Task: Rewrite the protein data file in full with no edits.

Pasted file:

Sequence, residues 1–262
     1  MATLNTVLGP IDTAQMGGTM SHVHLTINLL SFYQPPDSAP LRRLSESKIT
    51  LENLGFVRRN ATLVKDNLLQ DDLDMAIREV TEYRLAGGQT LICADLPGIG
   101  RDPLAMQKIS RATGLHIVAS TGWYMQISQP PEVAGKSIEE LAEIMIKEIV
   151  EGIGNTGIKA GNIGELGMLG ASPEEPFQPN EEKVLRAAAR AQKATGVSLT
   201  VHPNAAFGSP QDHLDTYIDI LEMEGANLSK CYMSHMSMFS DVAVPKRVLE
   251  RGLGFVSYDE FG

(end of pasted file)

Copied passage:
Sequence, residues 1–262
     1  MATLNTVLGP IDTAQMGGTM SHVHLTINLL SFYQPPDSAP LRRLSESKIT
    51  LENLGFVRRN ATLVKDNLLQ DDLDMAIREV TEYRLAGGQT LICADLPGIG
   101  RDPLAMQKIS RATGLHIVAS TGWYMQISQP PEVAGKSIEE LAEIMIKEIV
   151  EGIGNTGIKA GNIGELGMLG ASPEEPFQPN EEKVLRAAAR AQKATGVSLT
   201  VHPNAAFGSP QDHLDTYIDI LEMEGANLSK CYMSHMSMFS DVAVPKRVLE
   251  RGLGFVSYDE FG